is crystal clear. We want to help participants have a better life. To do that, participants must be at the core of everything we do. We also recognise the critical role played by carers, providers and disability groups.
But delivering on that mission with the ambitious speed of the rollout of the National Disability Insurance Scheme (NDIS) embodied in the Bilateral Agreements is not easy. This Scheme is a world first and there is no template to follow.
Certainly, we have been successful in the first year of transition in bringing 66,500 participants into the Scheme and the Early Childhood Early Intervention program. This is in addition to more than 35,000 Australians who entered the NDIS during the first three years of trial. However, given the speed of the rollout in other areas, we have fallen short of the high expectations the Board and management have for the fulfilment of our mission. We are committed to addressing the issues that have arisen.
First, we are addressing the quality of the participant experience. It has not always been consistent with our aspirations. Plans have not always been as outcomes driven as we would like. Participants have not always found it easy to interact with the NDIA. Telephone planning has not always delivered an empathetic and value-adding experience for participants. At times, the wait time for the call centre has been too long. And the portal is not as easy to navigate as it might be. We are working with haste to address these and other issues through the Participant Pathway Review.
Through 13 workshops held with more than 300 stakeholders since April, we have sought feedback on what needs to improve. In conjunction with those stakeholders, we are now redesigning the pathway to deliver a quality experience that improves participant outcomes. This is a significant task. The new approach needs to be responsive to a diverse array of participants’ disabilities, backgrounds and geographies. We are trying to get it right for all participants regardless of those differences.
We are making good progress and are looking for quick wins that are consistent with the longer term approach. However, there is little doubt that as we continue to bring participants into the Scheme in accord with the Bilateral Agreements, we will continue to rely on the goodwill and patience of participants and the sector more broadly as we work with speed to address these fundamental issues.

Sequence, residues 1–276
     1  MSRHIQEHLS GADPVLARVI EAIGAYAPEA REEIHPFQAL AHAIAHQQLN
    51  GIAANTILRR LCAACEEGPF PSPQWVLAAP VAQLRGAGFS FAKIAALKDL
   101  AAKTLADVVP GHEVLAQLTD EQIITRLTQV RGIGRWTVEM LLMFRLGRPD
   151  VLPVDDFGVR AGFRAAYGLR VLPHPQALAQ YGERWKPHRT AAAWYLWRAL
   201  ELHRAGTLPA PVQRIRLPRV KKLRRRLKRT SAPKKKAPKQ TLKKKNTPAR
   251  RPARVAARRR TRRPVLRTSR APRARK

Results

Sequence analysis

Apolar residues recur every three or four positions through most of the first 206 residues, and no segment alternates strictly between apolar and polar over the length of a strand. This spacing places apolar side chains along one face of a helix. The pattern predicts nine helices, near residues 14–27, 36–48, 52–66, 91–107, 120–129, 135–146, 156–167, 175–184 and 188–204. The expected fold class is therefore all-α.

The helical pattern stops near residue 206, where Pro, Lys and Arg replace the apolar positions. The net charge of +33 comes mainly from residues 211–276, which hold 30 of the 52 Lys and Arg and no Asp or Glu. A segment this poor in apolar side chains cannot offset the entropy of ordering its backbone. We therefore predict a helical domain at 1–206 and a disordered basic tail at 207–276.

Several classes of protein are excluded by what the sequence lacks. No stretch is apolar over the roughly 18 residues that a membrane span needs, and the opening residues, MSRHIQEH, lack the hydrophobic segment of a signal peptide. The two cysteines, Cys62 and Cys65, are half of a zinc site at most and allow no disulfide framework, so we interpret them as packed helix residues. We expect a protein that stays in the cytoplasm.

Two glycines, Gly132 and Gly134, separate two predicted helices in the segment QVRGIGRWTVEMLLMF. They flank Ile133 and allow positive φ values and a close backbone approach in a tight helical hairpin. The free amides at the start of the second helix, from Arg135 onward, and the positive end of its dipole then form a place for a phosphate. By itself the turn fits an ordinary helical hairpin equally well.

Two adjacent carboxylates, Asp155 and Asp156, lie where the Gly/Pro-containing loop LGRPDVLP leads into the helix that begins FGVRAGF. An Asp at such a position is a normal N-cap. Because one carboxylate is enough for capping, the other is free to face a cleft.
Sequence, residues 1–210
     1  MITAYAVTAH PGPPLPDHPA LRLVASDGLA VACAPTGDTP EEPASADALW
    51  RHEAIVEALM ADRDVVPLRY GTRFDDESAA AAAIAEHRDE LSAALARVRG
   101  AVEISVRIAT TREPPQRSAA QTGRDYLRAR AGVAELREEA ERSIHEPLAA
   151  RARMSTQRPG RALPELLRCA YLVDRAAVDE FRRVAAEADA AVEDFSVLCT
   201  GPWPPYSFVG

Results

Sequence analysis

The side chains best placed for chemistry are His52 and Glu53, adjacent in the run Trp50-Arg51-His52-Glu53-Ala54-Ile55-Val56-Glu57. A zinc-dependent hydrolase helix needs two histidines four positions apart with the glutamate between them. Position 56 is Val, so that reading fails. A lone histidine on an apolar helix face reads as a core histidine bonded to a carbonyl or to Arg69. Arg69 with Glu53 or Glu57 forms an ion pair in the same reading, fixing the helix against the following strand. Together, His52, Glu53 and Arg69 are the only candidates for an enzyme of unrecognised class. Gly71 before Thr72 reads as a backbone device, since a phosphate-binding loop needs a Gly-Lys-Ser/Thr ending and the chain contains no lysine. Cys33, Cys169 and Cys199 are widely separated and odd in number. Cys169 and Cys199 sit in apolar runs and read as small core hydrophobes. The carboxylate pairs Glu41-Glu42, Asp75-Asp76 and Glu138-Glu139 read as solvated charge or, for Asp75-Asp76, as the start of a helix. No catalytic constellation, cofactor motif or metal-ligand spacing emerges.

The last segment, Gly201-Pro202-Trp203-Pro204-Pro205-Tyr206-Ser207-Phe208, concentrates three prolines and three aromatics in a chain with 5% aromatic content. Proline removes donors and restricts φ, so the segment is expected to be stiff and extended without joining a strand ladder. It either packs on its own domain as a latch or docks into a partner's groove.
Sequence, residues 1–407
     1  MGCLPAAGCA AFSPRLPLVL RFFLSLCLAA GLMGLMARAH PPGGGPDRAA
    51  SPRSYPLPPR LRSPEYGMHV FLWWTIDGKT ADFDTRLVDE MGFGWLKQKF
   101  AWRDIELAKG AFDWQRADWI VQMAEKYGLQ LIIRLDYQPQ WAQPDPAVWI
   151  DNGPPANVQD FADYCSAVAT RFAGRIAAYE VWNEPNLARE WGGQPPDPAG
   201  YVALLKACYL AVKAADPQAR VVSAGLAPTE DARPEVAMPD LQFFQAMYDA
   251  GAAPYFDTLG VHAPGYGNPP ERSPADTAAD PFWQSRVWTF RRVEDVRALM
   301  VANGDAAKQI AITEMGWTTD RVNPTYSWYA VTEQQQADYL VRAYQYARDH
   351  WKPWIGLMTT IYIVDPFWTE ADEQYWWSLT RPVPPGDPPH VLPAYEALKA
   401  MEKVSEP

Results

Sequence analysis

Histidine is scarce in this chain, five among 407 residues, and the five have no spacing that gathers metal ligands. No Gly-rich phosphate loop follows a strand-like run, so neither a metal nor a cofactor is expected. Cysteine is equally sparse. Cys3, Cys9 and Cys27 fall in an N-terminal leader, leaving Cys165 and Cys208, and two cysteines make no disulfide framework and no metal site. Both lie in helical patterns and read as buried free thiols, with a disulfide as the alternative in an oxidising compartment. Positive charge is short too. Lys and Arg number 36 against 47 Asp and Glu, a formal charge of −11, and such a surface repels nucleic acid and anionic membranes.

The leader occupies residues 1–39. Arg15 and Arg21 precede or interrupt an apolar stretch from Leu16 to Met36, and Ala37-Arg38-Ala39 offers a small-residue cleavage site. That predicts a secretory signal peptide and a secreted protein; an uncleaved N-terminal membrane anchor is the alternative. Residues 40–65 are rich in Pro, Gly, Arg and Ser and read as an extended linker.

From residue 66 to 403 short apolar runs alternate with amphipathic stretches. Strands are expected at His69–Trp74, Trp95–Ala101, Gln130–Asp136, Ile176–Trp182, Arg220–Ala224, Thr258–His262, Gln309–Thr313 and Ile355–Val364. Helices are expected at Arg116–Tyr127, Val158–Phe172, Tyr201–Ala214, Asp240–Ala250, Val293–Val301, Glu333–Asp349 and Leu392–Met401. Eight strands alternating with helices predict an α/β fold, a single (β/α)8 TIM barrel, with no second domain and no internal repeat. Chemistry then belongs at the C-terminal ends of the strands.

Second, we are engaged in improving the quality of the provider experience. It has sometimes been variable. This became obvious in July 2016 when payments could not be made because of issues with the portal. While the payments issue was fixed, other underlying issues remain, including with the user-friendliness of the portal. To that end, in conjunction with the Participant Pathway Review, we are undertaking an end-toend review of the provider pathway. Again, good progress is being made. In addition, in response to feedback from providers, we are undertaking an Independent Pricing Review. The results of that review are expected to be given to the NDIA in December 2017.
Third, we are striving to roll out the NDIS in accordance with the ambitious schedule in the Bilateral Agreements at the same time as addressing the quality of the participant and provider experience. We are mindful of the need to balance the desire of participants to enter the Scheme as soon as possible and our obligations under the Bilateral Agreements between the Commonwealth and state and territory governments, with our commitment to ensure a quality experience for participants and providers.
Fourth, we are highly conscious of the need to ensure the long-term financial sustainability of the Scheme. This is a responsibility we do not take lightly. The NDIS is an insurance scheme for all Australians, paid for through a “premium” by all Australian taxpayers. We have an obligation to them which we are committed to fulfilling. While underlying pressures have emerged, the Board and management of the NDIA are proactively taking measures to ensure the Scheme’s long-term financial sustainability.